Published on: 08-Aug-2014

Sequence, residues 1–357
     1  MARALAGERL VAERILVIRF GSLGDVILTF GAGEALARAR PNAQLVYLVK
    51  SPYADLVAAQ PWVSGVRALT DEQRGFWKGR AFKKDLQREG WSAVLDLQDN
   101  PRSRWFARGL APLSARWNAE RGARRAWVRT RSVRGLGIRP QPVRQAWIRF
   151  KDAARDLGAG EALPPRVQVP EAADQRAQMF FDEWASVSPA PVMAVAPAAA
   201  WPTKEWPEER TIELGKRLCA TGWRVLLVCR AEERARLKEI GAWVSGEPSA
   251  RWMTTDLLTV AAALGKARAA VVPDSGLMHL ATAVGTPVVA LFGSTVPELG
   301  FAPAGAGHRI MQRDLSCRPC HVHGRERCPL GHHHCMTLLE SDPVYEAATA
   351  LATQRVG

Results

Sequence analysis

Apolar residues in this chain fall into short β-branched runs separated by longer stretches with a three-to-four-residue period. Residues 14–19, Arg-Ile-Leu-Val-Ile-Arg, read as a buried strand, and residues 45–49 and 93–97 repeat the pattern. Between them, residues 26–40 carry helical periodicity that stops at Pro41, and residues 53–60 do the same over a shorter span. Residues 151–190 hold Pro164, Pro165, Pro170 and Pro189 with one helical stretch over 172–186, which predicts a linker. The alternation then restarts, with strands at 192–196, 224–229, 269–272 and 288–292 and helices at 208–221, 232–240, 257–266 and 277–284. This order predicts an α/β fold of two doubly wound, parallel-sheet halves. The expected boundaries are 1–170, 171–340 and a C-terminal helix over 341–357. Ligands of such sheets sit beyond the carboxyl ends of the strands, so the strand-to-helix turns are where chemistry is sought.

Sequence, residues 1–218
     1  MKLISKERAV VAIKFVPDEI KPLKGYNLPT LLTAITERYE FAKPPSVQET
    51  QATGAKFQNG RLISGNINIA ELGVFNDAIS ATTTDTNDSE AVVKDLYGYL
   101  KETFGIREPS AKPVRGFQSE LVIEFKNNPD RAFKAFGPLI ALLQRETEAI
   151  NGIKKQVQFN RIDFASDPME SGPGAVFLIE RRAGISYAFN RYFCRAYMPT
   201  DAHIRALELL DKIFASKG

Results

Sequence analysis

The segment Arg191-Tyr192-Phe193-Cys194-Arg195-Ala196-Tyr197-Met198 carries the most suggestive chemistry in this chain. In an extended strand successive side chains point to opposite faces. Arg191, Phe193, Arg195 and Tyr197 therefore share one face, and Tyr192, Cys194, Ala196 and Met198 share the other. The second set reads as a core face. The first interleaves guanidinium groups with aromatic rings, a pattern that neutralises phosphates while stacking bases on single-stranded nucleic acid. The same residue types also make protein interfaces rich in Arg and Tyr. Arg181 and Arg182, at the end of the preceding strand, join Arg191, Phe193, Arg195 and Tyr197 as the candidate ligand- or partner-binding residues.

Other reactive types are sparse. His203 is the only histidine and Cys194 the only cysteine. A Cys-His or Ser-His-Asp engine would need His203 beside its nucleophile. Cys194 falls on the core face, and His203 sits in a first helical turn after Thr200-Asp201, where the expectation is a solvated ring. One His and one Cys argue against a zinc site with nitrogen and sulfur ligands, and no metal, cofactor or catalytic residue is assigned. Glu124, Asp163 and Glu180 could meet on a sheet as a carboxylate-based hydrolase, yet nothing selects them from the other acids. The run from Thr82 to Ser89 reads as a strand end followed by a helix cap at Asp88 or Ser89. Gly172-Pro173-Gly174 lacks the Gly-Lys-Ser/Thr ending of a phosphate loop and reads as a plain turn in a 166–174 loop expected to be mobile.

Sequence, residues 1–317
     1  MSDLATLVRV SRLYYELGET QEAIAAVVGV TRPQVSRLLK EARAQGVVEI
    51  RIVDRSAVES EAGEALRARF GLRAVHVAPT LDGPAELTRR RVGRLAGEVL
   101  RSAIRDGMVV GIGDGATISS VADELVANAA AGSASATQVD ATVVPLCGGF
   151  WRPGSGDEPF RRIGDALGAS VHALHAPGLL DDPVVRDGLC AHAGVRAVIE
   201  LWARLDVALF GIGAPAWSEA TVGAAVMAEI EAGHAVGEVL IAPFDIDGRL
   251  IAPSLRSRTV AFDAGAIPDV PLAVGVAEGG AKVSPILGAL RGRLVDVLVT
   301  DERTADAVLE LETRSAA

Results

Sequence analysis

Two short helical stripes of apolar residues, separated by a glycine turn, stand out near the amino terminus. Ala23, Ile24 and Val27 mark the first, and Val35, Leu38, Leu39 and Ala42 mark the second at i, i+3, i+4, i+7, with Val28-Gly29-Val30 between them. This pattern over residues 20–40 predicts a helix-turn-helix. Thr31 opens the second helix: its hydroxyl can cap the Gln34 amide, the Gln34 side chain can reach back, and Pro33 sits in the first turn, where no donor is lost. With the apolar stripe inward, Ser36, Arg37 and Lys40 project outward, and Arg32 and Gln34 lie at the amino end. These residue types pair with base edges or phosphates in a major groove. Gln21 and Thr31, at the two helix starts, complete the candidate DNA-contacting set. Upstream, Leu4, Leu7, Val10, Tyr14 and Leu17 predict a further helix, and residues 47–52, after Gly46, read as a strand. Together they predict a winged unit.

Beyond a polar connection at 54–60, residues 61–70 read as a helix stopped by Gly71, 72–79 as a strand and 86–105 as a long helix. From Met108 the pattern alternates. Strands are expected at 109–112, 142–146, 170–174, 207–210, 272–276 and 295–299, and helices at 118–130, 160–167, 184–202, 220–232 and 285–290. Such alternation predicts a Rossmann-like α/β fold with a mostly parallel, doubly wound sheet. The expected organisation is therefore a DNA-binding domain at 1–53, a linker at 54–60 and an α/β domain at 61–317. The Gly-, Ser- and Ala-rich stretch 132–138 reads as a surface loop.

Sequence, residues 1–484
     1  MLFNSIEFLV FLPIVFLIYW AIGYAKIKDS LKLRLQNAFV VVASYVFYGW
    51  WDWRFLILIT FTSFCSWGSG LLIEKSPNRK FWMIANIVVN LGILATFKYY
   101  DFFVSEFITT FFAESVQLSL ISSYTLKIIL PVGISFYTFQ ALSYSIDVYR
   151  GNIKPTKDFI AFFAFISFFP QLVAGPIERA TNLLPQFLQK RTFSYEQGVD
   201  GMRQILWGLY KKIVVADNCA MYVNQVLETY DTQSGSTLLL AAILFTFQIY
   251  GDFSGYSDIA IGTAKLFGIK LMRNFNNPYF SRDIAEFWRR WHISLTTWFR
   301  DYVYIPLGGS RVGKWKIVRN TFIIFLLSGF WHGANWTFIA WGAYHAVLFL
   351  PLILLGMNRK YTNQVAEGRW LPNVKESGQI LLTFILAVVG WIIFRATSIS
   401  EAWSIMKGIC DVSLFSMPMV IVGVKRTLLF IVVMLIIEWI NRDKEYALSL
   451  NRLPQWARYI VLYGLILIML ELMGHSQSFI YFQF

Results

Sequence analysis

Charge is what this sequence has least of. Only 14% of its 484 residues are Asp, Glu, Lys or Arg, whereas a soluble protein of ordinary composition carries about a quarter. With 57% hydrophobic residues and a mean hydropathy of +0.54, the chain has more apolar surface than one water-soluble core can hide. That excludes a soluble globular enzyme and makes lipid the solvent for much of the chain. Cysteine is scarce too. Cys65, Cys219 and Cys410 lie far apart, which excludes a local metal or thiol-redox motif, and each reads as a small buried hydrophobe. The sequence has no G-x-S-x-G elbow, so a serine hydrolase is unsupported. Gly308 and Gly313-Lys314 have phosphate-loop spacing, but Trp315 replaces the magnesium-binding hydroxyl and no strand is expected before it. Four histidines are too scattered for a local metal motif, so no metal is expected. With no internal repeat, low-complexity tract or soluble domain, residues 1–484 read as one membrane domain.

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Scars develop as a result of abnormal wound healing that generates disfiguring and painful tissue. These often cause social and psychological issues to the patient, especially in more severe Keloid scars that encroach upon healthy skin. Despite a relatively high rate of incidence, where 1- 15% of a population is afflicted, current clinical therapeutics are deemed to be unsatisfactory. While the most established treatments involve painful injections and have a recurrence rate, other treatments can be expensive and invariably require the involvement of healthcare personnel. Exploiting advances in the field of microelectronics, a self-administered patch releasing the FDA-approved drug 5-Fluorouracil (5-FU) has been designed by a combined team from Asst Profs Chenjie Xu and Yuejun Kang’s laboratory here at SCBE, NTU. Their study has just been published in the June issue of the journal, TECHNOLOGY (2014). Results carried out in laboratory tests show that drug release from the microneedle and its physical contact was able to reduce and prevent keloid scar growth. Following its publication, this work has been highlighted in several biomedical news sites as well as the Lian He Zao Bao (5th August 2014), Singapore’s most popular broadsheet. "Most patients seek treatment due to disfigurement, pain or itching of scars," says Assistant Professor Xu Chenjie of SCBE, NTU who leads this study. "We developed a simple, convenient, and cost-effective device to inhibit keloid scar growth," adds Yuejun Kang, the co-corresponding author of the paper. This technology, developed with guidance from the National Skin Centre, Singapore, also shows promise in animal models. This collaboration will facilitate the eventual clinical translation of the microneedle patch as a cost-effective, self-administered device to treat keloid scars.
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